7 weeks until Keswick and counting. Positively back into my usual stride and with two, two hour slow trail runs under my belt and my mileage for this month around the 45 mile mark, I feel comfortable that I can (at the very least) get around the 14 mile course in a half decent time. So I have taken it upon myself, this week, to begin to focus on pace. Pace has always been a word I prefer to avoid as I have always believed that it’s the taking part that counts and not the winning.
Well, that no longer applies. I am under no illusion that I can win this trail race – I’m just not fast enough for that, but if I can place well within the top half (maybe even the top quarter) then I would be very, very happy.So tonight, on my first run of week 5 I chose to run my 50ish minutes at my perceived half marathon pace – which is around 5:30mins/kilometre. This shouldn’t be an issue, my usual short runs are normally somewhere between 5 and 5:20 per KM and my slow runs are 6min/KM +. Turns out I was wrong, keeping pace was a bit of an issue, not because I couldn’t run fast enough but because I couldn’t run slow enough…
I picked a nice, familiar, flat route with a nice mix of trail paths and pavement, fired up the watch and headed off. This route always starts downhill slightly which means it is easy to get up to speed quickly. I nailed the first K in 4:50 which was too fast, but I have found the first split is a little unpredictable and not a true reflection on pace/effort since one goes from a standing start – true I am not usually a good 40 seconds faster than my target pace but the battery needs charging so my watch is playing silly-buggers. Naturally I did what any runner would do when faced with a faster pace, I put on the brakes. It took me nearly 5 kilometres to get my pace slowed down to 5:30ish. The thing is, my effort level felt about 7 and every time I slowed down, it felt like I was reducing my run to a slow walk. This, I might add is on the back of a long run of night shifts and four weeks of intense exercise.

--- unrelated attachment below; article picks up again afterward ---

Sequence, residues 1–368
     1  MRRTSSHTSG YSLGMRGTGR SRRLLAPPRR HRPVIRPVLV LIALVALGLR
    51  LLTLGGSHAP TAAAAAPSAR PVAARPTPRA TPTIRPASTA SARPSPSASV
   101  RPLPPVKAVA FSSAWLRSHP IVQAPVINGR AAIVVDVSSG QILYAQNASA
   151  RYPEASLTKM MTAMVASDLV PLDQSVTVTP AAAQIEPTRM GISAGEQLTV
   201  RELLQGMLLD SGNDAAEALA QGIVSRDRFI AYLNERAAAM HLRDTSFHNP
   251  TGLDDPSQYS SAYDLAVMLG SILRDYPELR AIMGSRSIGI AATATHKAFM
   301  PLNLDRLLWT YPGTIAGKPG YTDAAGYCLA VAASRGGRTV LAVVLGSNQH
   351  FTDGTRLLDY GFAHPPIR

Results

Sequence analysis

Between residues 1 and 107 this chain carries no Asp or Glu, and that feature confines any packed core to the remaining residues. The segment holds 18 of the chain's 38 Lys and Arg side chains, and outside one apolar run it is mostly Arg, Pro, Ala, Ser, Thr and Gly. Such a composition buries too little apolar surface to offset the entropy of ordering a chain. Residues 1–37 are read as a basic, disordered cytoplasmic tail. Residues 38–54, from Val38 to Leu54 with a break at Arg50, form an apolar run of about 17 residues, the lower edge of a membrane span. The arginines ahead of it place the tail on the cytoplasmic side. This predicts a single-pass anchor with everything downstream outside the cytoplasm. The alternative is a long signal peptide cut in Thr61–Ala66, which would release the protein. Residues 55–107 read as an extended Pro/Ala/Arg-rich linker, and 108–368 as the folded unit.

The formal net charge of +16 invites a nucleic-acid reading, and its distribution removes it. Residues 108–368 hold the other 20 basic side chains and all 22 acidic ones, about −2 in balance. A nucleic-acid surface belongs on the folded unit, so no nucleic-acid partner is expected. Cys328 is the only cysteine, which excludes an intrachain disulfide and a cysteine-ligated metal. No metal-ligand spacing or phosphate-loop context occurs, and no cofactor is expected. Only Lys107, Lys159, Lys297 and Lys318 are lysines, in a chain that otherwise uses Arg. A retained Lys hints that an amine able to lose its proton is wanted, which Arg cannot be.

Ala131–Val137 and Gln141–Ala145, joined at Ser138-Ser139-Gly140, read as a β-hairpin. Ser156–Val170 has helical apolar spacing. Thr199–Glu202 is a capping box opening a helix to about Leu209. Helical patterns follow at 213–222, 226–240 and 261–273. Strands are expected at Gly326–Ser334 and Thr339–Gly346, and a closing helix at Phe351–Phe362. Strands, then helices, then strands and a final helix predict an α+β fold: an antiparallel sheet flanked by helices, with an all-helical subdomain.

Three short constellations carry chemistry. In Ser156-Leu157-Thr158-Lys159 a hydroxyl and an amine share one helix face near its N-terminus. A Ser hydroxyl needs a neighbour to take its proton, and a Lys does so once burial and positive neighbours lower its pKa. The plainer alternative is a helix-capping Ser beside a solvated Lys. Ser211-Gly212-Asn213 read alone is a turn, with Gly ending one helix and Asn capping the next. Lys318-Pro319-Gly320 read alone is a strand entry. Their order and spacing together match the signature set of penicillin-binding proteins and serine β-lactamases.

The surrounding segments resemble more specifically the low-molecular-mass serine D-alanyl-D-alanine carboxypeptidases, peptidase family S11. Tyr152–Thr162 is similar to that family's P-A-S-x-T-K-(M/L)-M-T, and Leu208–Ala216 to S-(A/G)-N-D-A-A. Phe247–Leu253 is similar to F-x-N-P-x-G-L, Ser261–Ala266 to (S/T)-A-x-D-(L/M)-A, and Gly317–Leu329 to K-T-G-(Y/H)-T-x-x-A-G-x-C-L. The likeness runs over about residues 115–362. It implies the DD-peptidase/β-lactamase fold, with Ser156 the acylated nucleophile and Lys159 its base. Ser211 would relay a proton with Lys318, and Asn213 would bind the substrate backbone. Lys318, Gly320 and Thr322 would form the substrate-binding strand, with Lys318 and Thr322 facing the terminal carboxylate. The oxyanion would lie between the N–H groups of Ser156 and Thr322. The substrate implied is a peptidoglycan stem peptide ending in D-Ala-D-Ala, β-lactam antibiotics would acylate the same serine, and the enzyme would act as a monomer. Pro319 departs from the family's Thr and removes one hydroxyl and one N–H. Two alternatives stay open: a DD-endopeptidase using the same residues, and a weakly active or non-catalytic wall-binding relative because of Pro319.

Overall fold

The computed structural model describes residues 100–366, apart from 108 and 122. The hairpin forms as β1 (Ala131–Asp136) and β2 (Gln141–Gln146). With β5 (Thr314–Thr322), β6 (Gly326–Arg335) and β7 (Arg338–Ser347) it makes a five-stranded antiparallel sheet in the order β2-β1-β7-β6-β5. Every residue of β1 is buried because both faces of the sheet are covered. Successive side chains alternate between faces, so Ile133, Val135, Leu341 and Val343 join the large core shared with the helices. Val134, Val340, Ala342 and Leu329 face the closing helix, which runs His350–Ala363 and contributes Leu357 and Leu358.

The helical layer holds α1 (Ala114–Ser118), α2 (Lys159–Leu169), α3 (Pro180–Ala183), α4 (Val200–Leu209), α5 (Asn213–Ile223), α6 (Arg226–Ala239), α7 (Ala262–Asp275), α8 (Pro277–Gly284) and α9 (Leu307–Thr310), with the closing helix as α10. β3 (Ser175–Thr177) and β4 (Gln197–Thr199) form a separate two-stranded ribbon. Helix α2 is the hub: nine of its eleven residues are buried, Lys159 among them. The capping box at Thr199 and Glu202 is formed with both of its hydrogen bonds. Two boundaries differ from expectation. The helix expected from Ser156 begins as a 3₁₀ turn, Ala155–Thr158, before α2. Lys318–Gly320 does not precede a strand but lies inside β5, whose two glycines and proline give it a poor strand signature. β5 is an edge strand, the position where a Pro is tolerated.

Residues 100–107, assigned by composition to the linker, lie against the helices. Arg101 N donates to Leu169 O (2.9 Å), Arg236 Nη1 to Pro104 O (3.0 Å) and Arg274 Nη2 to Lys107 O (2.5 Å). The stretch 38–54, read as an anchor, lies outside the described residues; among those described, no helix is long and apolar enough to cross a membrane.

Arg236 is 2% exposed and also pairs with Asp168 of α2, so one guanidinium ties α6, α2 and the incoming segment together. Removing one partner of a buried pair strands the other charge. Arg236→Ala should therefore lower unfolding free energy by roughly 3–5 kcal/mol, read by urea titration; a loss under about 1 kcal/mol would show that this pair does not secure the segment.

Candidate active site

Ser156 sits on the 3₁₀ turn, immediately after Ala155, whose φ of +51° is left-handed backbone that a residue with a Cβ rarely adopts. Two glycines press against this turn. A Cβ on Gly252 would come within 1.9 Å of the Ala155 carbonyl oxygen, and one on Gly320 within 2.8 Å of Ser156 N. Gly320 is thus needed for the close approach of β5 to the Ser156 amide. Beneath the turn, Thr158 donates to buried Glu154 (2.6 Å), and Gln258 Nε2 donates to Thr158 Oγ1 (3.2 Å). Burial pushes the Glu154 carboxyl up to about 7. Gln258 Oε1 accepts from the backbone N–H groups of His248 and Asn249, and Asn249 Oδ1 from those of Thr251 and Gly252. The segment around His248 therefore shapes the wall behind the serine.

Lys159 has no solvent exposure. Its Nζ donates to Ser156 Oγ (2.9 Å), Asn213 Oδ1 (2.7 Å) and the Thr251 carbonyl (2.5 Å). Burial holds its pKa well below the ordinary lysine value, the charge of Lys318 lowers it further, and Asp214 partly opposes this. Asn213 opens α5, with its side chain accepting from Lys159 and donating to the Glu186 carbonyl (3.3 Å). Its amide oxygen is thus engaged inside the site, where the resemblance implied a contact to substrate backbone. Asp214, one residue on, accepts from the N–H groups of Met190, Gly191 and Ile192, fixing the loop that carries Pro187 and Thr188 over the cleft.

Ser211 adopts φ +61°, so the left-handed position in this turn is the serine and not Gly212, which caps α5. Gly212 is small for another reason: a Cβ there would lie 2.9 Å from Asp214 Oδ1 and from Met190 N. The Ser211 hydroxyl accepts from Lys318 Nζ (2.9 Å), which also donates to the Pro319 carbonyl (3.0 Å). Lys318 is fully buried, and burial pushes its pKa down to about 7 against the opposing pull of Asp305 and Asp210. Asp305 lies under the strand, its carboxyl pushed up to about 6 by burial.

I read in this months issue of Runners World, an article about hill work and how it can improve your running economy. uneven ground, mud & hills have been a regular in the last four weeks of training and was quite prominent before that also, so it is possible that my running economy has improved and, quite simply, I’m now able to run faster, more easily. This is, a massive relief, up until earlier this evening, I was concerned that I would not be in the best possible condition for the 22K slog around Keswick but this latest run makes my 20K’er at the end of the week less daunting and means that my only real problem with the 22K trail challenge is finding a hotel, within walking distance of the start line, that is available on Saturday 8th June… I may also need to run for 30mins on the treadmill this week, just to nail the effort level for next time.